To illustrate this argument, suppose that C gives his bond to D, which D assigns to A: A gives his bond to E, which E assigns to C. A then sues C. They are both assignees: What motive of policy, what principle of construction, could in this case, preclude a discount? It is the object of law to put an end to strifes; and the Courts of Justice are ever anxious to prevent an unnecessary circuity of action. Under the statute of 2 Geo. 2. which is in the same words with the acts of Pennsylvania, the Judges of England have permitted an indorsement after the suit brought to be discounted; the practise requiring only that it shall be proved to have been made 'before plea pleaded.' Cromp. Pract. 161. And the case in 2 Strange 1234, makes no question, whether an assignee may discount, but merely turns upon the time of indorsement.
The objection, that the allowance of such accounts would be the means of preventing insolvent debtors from obtaining a subsistance, goes much too deep: it is considering inconveniencies arising on a question which clear and positive law has determined; for, the Act of Assembly says that the future effects of an insolvent debtor shall be liable to the payment of his old debts; and the Judges of the Courts of Common Law have extended the principle of discount, by a most liberal equity, far beyond the words of the statute in England. 2 Bl. Rep. 869.
Sergeant, for the Defendant in Error, contended, that the attempt to pay for goods, by the bond of an insolvent debtor, purchased at five shillings in the pound, or, perhaps obtained without any consideration, was in itself an act against conscience; that no case could be shown of a discount allowed upon an indorsement made after the action brought; for, Cromp. 161. is not a sufficient authority; that the rule of retaining, where there are mutual debts, did not apply; and that a set off must be of a demand in the Defendants own right. He cited 8 Vin. 557. Bro. (Debt) pl. 172. Ibid. (Condition) pl. 181. S. C. I State Laws 48. 3 Black. 304. 2 Geo. 2. c. 22. 8 Geo. 2. c. 24. Bull. N. P. 179. [455-Continued.]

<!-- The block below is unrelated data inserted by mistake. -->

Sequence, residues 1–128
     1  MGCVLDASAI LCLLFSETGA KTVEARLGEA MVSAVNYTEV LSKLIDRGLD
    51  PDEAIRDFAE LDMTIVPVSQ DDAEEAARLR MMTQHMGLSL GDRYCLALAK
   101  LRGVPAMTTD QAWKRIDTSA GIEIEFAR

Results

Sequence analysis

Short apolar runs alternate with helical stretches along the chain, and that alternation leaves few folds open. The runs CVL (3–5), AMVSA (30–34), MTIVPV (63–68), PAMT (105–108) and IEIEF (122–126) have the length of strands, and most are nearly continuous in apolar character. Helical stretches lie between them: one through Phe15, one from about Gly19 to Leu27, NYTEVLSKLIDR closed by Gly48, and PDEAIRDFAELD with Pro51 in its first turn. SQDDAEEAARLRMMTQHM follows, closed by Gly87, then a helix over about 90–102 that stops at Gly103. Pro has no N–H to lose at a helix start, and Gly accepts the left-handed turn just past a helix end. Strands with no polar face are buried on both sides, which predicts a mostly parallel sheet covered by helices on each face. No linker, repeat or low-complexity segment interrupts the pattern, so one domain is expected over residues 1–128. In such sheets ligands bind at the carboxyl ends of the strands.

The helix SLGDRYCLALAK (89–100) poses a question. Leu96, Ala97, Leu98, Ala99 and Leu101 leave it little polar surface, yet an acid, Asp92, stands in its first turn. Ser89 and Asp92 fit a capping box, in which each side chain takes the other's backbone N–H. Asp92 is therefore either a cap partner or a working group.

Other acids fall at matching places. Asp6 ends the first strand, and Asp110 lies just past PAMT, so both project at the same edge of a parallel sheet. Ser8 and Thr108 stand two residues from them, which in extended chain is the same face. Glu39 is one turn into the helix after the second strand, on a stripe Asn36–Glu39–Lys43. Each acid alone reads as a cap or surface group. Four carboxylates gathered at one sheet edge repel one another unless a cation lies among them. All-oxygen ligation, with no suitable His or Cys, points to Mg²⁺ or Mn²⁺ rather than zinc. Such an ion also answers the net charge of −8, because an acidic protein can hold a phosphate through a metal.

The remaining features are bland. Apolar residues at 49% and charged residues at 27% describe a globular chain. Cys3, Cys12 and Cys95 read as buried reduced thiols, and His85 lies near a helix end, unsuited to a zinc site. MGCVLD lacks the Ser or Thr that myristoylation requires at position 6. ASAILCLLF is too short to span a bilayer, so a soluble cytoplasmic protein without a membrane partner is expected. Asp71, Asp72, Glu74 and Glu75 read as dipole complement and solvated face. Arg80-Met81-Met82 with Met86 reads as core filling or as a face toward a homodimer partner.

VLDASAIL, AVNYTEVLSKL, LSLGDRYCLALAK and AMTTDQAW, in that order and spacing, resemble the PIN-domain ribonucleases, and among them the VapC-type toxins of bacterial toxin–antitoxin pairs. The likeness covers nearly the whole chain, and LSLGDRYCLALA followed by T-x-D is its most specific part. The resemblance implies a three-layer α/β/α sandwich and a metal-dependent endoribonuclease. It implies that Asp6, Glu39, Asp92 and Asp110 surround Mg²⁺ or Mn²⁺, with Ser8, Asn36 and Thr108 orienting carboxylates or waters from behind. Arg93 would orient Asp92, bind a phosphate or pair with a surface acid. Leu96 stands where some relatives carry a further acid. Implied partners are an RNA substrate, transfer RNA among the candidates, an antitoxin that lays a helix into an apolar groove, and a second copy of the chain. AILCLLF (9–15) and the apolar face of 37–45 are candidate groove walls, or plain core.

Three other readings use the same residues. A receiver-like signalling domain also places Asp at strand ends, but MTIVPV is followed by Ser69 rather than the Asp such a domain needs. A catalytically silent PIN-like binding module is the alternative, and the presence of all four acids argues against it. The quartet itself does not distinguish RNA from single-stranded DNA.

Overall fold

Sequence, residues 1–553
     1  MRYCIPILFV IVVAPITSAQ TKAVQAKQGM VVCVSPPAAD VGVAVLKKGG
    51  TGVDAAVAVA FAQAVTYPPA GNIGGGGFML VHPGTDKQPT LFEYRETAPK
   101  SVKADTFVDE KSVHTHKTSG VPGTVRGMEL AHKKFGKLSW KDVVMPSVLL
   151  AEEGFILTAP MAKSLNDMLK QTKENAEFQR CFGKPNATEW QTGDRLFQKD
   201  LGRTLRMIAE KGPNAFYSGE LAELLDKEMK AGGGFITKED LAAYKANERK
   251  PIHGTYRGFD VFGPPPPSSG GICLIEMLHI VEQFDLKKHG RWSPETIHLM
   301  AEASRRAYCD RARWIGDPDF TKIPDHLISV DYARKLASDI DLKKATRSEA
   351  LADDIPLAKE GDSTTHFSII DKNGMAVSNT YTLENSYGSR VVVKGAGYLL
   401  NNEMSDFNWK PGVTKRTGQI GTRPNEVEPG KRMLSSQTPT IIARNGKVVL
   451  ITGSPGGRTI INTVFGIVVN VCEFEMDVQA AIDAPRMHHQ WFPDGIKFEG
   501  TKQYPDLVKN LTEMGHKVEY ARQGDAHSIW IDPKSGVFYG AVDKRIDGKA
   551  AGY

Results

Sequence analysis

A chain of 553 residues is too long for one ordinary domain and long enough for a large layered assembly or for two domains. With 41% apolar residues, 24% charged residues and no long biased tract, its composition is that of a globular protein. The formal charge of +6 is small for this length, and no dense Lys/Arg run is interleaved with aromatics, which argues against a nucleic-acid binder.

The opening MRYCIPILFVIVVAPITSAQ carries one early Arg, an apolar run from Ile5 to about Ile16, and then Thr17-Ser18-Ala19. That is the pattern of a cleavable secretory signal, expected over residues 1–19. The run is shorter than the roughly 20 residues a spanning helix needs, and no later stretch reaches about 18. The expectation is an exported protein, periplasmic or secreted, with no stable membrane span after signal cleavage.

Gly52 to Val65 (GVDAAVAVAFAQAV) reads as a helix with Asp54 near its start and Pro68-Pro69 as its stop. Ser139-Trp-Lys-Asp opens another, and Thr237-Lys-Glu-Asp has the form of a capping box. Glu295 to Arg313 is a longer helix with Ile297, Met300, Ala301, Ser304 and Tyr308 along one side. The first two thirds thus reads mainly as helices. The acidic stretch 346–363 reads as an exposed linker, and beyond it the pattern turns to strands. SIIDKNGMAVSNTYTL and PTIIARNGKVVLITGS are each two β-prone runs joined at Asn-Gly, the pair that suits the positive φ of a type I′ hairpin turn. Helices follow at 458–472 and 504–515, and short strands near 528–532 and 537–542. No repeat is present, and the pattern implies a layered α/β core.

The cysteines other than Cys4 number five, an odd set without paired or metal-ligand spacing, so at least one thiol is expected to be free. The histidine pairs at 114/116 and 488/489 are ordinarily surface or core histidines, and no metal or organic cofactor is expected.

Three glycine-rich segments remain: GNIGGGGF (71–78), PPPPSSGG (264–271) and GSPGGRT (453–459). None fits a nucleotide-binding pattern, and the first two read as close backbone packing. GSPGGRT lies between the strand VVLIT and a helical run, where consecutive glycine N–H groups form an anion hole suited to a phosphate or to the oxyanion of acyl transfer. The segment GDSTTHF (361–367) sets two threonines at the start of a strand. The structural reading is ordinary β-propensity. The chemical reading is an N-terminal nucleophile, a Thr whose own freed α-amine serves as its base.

On the 3rd of October the Chief Justice, after stating the case, delivered the opinion of the Court to the following effect:
M'Kean, Chief Justice.
As a discharge under the insolvent laws, while it exempts the person from future molestation leaves the effects of the Defendant for ever liable to the demands of his creditors, the discharge obtained by the Defendant in Error, can have no operation in the decision of this cause.
A question has been made, whether the Plaintiff in Error might have defalked his bond under the English statutes; the first of which takes notice of mutual debts, &c. The Judges there were, indeed, of opinion, that only debts of the same dignity could be set off; but for this, I can discover no good and satisfactory reason; and a remedy was afterwards provided by a subsequent statute, which declares, that debts of different natures may be defalked.